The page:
I have – from time to time – been known to have a good idea. It’s comparatively rare, and I’m not entirely convinced that I can tell the difference between a good and a bad idea. I therefore approached a fairly bland-looking building on a hill in the outskirts of Folkestone one Saturday night with a certain degree of trepidation. I and a friend were about to walk on fire.
Fire walking is literally what it says on the tin; it’s the act of walking barefoot over a bed of hot embers or stones – in our case, the hot embers of wood.
Di (my friend who enjoys these adventures as much I do, no matter what she says) and I turned up just before 6pm on a dry and not-that-cold evening to find out just what the hell this was all about. First, there was a 90 minute seminar before being taken to face the flames. I was dubious; what the hell can we learn in 90 minutes about walking on fire, after all? I could summarise it in a single, rather pithy sentence; “Walk fast, don’t stop, and don’t fall over.”
Well, I will say this about Cliff Mann, the man in charge; he is a brilliant motivational speaker, a very clever presenter, and he clearly knows what he’s talking about. He helped us get into the mindset of fire walkers (oh yes, there’s a mindset), and got us thinking about the process of feeling the fear and doing it anyway – something we could all do throughout our lives.
Back to the fire walk itself. Cliff reassured everyone that in his 27 years of running them, no-one had been daft enough to damage themselves by taking silly risks or falling over; two notes I took immediately to heart and decided to listen to carefully. Despite my dyspraxia and my innate clumsiness, I resolved to stay on my feet.
I wish I could fully explain the seminar process to you, but I can’t; you really have to be there to experience the laughter, the shared sense of determination, and the way he really does make you think about your own preparation; it’s potent stuff.
Suitably trained, we were then walked down to the fire walk, a couple of minutes away from the interior room where we were being trained. As we approached, this is the sight I saw.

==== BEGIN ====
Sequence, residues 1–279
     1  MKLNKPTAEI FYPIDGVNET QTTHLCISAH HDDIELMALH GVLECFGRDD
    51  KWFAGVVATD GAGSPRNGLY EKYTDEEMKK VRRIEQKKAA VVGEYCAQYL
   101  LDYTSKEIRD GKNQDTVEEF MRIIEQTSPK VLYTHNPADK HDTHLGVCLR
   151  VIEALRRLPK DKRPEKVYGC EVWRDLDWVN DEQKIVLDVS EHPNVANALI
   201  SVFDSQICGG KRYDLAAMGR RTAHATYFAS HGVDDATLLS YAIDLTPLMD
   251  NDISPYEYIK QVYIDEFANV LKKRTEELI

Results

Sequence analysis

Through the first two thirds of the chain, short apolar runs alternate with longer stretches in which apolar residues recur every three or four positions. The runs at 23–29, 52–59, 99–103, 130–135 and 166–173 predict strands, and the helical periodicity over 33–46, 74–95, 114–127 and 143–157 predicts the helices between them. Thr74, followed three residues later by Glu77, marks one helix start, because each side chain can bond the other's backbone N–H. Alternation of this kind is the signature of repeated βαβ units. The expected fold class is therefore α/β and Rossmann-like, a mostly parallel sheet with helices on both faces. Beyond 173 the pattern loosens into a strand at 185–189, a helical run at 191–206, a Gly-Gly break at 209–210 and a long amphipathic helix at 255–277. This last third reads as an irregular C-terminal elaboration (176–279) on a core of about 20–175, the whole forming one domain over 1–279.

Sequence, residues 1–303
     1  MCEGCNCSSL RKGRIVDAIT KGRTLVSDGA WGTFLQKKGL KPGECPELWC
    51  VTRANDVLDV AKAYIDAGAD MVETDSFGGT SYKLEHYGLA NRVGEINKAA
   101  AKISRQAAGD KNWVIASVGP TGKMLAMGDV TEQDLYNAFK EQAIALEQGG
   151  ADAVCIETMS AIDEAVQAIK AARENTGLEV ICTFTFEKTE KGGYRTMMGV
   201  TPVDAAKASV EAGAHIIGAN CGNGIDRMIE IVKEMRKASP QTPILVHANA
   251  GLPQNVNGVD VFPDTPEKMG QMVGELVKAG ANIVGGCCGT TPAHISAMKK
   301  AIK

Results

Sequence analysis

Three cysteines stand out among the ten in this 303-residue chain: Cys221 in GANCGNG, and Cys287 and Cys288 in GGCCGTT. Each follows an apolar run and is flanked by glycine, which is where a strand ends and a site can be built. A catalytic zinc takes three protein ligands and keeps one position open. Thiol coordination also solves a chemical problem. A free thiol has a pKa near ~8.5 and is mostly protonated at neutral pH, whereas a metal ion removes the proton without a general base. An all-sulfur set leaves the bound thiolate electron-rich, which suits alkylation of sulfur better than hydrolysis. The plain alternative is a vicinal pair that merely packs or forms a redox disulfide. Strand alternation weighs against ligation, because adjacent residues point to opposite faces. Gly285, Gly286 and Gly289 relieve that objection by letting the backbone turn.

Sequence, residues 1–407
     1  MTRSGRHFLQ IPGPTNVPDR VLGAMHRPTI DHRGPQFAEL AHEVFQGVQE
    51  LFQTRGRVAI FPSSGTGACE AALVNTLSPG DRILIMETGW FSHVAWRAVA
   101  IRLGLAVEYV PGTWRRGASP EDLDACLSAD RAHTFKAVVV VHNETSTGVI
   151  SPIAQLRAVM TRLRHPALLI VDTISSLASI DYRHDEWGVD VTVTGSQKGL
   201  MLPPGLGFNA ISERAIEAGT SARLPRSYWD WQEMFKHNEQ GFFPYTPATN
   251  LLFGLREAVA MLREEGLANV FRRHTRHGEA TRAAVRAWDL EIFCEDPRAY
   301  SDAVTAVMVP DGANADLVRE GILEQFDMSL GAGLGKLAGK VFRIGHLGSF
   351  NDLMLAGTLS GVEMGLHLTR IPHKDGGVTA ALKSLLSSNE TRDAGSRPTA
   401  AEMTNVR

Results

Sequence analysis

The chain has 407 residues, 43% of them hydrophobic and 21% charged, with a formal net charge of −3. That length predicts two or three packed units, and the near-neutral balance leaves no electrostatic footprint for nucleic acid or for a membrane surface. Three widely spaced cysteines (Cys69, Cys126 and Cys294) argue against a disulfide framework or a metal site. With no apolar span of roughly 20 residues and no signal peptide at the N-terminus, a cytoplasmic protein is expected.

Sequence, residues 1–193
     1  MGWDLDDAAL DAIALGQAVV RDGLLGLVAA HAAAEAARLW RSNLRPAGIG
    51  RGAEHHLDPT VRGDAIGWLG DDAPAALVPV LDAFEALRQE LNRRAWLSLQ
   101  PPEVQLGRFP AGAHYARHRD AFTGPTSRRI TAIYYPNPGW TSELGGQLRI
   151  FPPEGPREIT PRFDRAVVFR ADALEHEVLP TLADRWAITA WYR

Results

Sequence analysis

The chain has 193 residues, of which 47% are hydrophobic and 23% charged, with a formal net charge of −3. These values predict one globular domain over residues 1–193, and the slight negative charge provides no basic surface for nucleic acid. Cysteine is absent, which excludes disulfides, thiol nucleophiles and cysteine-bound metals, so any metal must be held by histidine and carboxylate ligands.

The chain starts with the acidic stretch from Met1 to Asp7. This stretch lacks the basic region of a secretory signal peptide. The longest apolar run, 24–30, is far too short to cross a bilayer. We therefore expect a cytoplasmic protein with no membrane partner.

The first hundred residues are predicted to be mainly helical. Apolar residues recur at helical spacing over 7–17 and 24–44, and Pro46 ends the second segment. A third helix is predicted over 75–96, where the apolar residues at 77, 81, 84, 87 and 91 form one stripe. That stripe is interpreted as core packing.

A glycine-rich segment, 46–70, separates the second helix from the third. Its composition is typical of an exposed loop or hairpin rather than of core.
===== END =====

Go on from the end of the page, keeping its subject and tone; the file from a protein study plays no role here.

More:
I was suddenly conscious of a deep-seated need to go for a wee, but my mind was refocused as we heard the cheers of the crowd around us, and we were allowed to stand round the fire and feel the intensity of the heat. And believe me, the heat was intense – Cliff told us a couple of minutes later that the temperature had risen to 900 degrees all the way through the embers. The desire to go for a wee had come back again. So would yours if you saw this close up;
But then something strange happens to you when you’re there in the moment; you remember the seminar and the sense of power you’ve got from it and, as you take off your shoes and socks and are stood there with your friends and strangers all around you, a sense of calm overcomes you and you become focused on doing the deed.
And so, reader, I did it.
My pal Di went first; she walked tall, steadily, and calmly across the fire. She didn’t hesitate, and was over before I could even get a picture of her doing it. I felt an instant surge of pride that my friend had succeeded, and been so cool and collected; and then I thought, “Well, if Di can do it, so can I.” You just can’t help yourself.
So I went for it.
I didn’t fall over, I didn’t trip, and I didn’t feel any pain; I felt a bit of heat, but it wasn’t painful. I’m sure if I would have stood there for even a couple of seconds, the flesh might well have started to peel off the souls of my feet, but I’m not really that stupid.
In the cold light of day, I vaguely remember breaking into a gentle trot half-way across, being paranoid that I was going to trip, but of course I never did. I emerged the other side without a single concern or worry, and both Di and I tried desperately to do it again, but the queues were too long to warrant that – a shame, because we absolutely would have done.
Oh, and to prove it, here’s us afterwards with certificates only given to people who have done the firewalk.